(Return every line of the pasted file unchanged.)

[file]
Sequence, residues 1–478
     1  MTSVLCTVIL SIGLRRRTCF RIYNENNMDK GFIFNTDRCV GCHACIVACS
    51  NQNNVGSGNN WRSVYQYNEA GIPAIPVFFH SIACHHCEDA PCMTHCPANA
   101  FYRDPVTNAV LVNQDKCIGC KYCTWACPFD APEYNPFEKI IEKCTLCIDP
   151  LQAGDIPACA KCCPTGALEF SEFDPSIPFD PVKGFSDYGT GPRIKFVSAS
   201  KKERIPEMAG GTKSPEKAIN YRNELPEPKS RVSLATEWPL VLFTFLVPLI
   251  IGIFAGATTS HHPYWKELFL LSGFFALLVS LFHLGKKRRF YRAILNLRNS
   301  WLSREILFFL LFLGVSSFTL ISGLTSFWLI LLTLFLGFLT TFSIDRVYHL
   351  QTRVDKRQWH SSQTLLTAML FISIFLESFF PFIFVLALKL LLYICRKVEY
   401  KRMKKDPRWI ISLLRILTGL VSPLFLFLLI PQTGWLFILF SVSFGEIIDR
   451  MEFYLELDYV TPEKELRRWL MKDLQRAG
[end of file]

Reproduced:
Sequence, residues 1–478
     1  MTSVLCTVIL SIGLRRRTCF RIYNENNMDK GFIFNTDRCV GCHACIVACS
    51  NQNNVGSGNN WRSVYQYNEA GIPAIPVFFH SIACHHCEDA PCMTHCPANA
   101  FYRDPVTNAV LVNQDKCIGC KYCTWACPFD APEYNPFEKI IEKCTLCIDP
   151  LQAGDIPACA KCCPTGALEF SEFDPSIPFD PVKGFSDYGT GPRIKFVSAS
   201  KKERIPEMAG GTKSPEKAIN YRNELPEPKS RVSLATEWPL VLFTFLVPLI
   251  IGIFAGATTS HHPYWKELFL LSGFFALLVS LFHLGKKRRF YRAILNLRNS
   301  WLSREILFFL LFLGVSSFTL ISGLTSFWLI LLTLFLGFLT TFSIDRVYHL
   351  QTRVDKRQWH SSQTLLTAML FISIFLESFF PFIFVLALKL LLYICRKVEY
   401  KRMKKDPRWI ISLLRILTGL VSPLFLFLLI PQTGWLFILF SVSFGEIIDR
   451  MEFYLELDYV TPEKELRRWL MKDLQRAG